It was another bumpy week for gold prices that included two-week lows and a surge to seven-month highs.
On Thursday, December gold futures increased $26.90 (1.5%) and settled at $1,780.50 an ounce on the COMEX.
This represented gold's highest close since the end of the February.
As the week comes to an end and traders waited for more news from Spain, December gold was down on Friday morning to $4.10 to $1,776.40 an ounce.
Gold's price moves came from a number of factors this week including bargain hunters and weak U.S. macroeconomic data.
The bottom line is that the QE3 rally might have fizzled, but the long-term gold outlook still shines brightly.
Gold Prices and Global Economic Issues
Travel south and there's the ongoing unrest from large gold producers in South African mines. Traders are worried about labor strikes and the effect of gold companies.
According to Commerzbank analysts, almost 40% of South African gold production has been stopped. This affects supply and therefore supports prices at their current levels, even if it won't lead to significant uptick.
Rohit Savant, senior commodity analyst at CPM Group, said South Africa's gold production accounts for about 10% of the world's supply.
"That 10% is still a substantial amount of gold production which is why we think it will be supportive of prices but not something that will push it up sharply," said Savant.
Gold as an Alternative Investment
As gold reached its seven-month high on the COMEX, across the pond it also hit a record on Thursday when priced in euros and Swiss francs.
Why? Demand is on the rise for the precious metal as an alternative investment from worries that central banks' actions will help economies, but cut the value of currencies.
Matthew Turner, a precious metals strategist atMitsubishi Corp. International (Europe) said to Bloomberg News, "Central banks are weakening their currencies to boost their economies and gold is a beneficiary. The story of weak currencies and strong gold is back in play and it's not just the dollar, it's all currencies."
Bloomberg reported bullion for immediate delivery in London hit 1,379.32 euros an ounce on Thursday; to-date it has increased 14%. Gold in Swiss francs saw its own record of 1,66718 on Thursday and on Sept. 13 the commodity in Indian rupees also peaked.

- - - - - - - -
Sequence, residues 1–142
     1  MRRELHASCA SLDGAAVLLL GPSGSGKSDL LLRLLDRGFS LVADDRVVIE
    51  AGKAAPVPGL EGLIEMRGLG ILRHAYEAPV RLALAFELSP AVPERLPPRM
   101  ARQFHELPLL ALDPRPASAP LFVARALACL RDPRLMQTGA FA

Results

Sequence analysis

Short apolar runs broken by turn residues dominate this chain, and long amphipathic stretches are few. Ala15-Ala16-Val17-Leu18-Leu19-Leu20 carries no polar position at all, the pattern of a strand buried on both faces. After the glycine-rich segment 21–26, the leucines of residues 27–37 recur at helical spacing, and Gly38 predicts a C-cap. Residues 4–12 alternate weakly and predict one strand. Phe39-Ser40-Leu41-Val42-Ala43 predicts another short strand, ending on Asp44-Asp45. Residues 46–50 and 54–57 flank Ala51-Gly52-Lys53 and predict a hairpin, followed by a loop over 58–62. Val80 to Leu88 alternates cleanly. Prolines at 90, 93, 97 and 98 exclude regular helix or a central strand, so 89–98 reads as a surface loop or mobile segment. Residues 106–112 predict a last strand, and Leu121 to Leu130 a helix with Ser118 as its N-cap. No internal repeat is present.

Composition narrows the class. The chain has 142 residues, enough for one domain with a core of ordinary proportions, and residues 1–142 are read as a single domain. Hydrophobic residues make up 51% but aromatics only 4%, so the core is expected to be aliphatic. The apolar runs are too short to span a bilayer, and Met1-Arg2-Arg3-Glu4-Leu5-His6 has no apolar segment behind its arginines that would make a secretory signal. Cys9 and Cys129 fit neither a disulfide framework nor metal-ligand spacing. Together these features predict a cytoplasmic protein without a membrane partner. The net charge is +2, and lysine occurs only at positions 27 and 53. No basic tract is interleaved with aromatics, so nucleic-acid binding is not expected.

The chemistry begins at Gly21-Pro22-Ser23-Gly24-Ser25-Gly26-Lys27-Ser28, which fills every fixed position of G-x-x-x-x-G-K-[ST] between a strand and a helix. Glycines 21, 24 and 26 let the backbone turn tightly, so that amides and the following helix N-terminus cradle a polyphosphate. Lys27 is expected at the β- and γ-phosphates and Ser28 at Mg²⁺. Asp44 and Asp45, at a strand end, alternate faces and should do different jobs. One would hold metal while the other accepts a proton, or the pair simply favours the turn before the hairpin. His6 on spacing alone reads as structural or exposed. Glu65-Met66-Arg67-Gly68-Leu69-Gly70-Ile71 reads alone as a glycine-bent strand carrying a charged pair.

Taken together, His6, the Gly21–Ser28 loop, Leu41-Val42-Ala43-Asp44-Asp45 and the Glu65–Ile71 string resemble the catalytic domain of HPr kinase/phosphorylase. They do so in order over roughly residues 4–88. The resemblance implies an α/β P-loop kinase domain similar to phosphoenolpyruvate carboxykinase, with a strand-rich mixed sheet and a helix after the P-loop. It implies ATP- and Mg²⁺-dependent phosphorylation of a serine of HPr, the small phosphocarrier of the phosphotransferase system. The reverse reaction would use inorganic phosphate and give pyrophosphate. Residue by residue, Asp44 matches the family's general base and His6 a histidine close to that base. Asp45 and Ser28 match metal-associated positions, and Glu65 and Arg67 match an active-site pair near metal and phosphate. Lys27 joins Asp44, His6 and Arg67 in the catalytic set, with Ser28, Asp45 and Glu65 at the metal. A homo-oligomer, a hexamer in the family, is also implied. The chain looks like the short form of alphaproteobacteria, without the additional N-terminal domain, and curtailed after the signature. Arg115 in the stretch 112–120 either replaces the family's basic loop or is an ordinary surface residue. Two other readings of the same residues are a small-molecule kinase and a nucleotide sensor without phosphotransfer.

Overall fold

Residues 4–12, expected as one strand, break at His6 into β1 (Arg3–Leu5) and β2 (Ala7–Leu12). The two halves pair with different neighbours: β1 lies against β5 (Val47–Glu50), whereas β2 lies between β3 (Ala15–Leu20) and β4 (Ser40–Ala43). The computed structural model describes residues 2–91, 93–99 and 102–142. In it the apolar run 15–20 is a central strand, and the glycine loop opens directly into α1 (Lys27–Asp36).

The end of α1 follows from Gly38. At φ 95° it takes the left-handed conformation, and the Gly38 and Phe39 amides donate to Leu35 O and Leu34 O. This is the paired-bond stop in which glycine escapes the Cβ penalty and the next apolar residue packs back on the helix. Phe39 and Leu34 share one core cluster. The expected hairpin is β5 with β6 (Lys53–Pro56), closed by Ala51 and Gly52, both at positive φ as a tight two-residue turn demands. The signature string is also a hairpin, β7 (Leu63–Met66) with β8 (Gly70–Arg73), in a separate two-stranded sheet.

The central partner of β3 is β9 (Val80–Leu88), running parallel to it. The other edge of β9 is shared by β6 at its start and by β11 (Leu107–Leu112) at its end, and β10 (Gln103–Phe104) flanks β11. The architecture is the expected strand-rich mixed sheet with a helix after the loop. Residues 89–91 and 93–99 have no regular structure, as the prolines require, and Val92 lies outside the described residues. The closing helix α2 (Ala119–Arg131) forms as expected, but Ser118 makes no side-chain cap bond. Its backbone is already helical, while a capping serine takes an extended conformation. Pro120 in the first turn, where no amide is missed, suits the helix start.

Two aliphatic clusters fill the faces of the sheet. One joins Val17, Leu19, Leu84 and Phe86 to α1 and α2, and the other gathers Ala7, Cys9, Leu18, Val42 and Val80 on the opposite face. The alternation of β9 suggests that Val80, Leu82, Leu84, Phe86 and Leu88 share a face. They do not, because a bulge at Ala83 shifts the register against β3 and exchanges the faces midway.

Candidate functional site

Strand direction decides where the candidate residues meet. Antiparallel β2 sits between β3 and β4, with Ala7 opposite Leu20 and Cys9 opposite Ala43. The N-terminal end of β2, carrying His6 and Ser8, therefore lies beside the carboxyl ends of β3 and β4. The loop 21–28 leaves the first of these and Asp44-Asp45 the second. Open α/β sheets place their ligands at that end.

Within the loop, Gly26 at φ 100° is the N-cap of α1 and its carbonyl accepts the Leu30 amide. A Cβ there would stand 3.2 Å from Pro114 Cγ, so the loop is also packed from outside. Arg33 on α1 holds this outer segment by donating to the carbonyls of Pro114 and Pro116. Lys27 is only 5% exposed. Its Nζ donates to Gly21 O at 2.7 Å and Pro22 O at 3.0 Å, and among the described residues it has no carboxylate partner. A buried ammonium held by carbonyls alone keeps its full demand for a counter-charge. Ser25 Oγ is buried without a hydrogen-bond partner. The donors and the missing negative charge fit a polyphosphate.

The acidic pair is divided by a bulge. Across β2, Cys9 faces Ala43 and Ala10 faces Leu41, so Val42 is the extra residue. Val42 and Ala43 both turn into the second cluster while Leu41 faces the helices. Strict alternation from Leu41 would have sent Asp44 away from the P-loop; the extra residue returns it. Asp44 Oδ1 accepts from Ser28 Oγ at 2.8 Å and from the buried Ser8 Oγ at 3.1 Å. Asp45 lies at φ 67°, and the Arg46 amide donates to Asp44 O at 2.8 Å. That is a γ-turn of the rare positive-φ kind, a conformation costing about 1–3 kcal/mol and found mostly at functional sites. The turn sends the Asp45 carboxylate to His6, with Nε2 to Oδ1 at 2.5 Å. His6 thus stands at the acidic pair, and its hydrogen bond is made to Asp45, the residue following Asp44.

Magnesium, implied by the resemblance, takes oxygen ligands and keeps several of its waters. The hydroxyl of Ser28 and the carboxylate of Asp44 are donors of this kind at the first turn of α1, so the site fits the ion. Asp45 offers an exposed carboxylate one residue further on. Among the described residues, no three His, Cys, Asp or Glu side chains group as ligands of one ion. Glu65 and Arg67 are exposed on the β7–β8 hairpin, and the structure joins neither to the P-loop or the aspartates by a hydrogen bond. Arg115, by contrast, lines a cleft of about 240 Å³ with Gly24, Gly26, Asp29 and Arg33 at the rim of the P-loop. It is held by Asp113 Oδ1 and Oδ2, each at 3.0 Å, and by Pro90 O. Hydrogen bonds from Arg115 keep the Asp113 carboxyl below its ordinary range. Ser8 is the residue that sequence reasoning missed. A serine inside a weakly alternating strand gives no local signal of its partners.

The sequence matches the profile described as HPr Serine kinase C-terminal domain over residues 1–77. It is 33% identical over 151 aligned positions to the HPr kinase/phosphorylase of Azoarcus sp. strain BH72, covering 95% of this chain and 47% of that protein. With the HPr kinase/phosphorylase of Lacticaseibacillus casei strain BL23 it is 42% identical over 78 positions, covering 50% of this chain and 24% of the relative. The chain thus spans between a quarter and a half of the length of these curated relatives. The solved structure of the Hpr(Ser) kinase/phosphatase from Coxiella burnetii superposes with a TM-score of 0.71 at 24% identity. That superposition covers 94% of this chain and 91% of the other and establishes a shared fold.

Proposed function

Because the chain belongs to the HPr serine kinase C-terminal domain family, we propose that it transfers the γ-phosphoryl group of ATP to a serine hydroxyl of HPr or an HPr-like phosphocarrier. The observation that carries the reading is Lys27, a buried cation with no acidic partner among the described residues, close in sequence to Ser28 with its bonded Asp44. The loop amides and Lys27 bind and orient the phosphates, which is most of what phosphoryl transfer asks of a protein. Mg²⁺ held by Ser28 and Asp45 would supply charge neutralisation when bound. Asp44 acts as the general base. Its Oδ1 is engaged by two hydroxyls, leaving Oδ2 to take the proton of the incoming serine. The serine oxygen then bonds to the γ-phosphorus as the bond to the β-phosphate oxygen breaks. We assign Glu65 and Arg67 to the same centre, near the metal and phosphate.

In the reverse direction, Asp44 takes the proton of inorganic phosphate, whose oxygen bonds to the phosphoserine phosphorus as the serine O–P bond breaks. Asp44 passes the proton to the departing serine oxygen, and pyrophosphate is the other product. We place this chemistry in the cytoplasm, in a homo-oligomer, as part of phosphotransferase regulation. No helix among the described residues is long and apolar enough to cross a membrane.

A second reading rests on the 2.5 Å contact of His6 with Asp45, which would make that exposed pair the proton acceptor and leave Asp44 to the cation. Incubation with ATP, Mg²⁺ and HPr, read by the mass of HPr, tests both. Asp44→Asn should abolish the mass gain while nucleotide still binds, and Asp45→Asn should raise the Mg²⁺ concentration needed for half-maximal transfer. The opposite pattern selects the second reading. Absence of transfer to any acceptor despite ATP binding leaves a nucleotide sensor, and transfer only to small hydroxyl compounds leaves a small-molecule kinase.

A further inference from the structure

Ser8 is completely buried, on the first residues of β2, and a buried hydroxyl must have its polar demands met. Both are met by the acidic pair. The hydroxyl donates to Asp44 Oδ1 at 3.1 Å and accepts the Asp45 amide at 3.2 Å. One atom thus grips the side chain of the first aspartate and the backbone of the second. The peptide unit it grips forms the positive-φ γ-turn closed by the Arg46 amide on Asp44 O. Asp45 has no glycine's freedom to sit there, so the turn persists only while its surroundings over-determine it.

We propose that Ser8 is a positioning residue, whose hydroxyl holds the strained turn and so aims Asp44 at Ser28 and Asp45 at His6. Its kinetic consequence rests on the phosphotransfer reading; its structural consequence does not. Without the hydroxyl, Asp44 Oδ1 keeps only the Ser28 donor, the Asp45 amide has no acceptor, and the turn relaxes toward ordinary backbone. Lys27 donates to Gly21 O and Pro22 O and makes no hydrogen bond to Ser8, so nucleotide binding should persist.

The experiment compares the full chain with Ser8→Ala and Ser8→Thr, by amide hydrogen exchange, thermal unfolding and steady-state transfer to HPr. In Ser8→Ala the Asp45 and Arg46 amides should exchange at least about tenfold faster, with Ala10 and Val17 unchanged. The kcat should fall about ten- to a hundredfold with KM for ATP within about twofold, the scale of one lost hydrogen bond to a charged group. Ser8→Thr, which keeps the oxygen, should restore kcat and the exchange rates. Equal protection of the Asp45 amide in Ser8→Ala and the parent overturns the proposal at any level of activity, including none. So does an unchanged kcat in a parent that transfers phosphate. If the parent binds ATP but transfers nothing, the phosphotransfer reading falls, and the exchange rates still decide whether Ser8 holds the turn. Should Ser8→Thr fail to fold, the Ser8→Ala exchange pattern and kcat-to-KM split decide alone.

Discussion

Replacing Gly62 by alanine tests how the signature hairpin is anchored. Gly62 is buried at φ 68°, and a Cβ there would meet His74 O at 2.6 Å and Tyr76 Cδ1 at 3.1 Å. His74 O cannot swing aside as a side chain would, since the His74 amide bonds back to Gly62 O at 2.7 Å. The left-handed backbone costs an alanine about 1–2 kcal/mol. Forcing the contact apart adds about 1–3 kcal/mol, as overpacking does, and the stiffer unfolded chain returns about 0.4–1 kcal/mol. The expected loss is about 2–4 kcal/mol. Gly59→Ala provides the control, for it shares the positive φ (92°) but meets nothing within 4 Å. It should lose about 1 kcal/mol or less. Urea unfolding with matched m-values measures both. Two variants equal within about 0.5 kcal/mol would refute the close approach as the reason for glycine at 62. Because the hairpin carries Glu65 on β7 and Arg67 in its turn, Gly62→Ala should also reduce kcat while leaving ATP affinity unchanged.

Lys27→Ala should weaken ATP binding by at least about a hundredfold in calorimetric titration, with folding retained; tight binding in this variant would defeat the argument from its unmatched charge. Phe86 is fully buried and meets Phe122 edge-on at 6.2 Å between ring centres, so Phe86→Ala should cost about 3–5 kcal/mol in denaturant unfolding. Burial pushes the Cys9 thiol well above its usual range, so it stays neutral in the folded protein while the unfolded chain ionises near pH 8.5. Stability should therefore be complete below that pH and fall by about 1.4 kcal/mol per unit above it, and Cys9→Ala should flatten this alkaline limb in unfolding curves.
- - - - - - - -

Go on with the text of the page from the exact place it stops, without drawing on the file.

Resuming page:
Gold as an Inflation Hedge
Richard O'Brien, chief executive officer ofNewmont Mining Corp. (NYSE: NEM), said earlier this week gold will increase to $2,500 an ounce in the next few years from investors purchasing the metal as an inflation hedge.
O'Brien said to Bloomberg, "The downside is fairly limited. If we see some economic growth we could see $2,500 in the next three or four years."
Central banks, along with the International Monetary Fund (IMF), are the largest bullion owners. They're likely to buy additional gold to diversify their reserves and protect against inflation, added O'Brien.
There's data already supporting this.
In August, IMF data showed that central banks slightly increased their holdings with such key buyers including Russia, Ukraine, Turkey, South Korea and Kazakhstan.
Mark To, a Wing Fung Financial Group analyst, told MarketWatch, "This is positive news, both psychologically and fundamentally. This buying pressure should keep gold prices strong compared with other precious metals."
This buying trend is likely to continue for the medium to long term as greater liquidity enters the global financial system.
Justin Harper, markets strategist at IG Markets, told MarketWatch, "Gold prices continue to be underpinned by growing demand from central banks increasing stockpiles during these uncertain times…we believe this trend is likely to ramp up once liquidity increases in global markets."
So as you watch gold prices rise long-term, you'll know QE3 is just one reason among many for the yellow metal's bull run.
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